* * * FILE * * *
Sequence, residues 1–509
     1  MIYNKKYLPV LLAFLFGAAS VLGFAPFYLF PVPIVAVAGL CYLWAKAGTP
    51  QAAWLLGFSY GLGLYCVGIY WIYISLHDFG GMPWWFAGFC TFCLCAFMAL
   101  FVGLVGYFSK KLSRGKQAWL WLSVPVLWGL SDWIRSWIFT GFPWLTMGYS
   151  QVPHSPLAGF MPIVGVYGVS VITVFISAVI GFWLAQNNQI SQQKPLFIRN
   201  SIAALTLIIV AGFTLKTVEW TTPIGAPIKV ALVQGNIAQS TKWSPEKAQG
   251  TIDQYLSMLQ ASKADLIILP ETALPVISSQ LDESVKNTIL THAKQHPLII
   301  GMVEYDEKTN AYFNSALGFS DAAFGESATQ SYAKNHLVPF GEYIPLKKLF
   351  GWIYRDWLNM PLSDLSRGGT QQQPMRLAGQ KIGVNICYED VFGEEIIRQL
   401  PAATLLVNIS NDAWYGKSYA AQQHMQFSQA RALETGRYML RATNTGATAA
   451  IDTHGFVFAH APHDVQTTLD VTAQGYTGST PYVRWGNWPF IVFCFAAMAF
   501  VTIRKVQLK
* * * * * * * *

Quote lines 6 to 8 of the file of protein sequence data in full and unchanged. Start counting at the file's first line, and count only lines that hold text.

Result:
   201  SIAALTLIIV AGFTLKTVEW TTPIGAPIKV ALVQGNIAQS TKWSPEKAQG
   251  TIDQYLSMLQ ASKADLIILP ETALPVISSQ LDESVKNTIL THAKQHPLII
   301  GMVEYDEKTN AYFNSALGFS DAAFGESATQ SYAKNHLVPF GEYIPLKKLF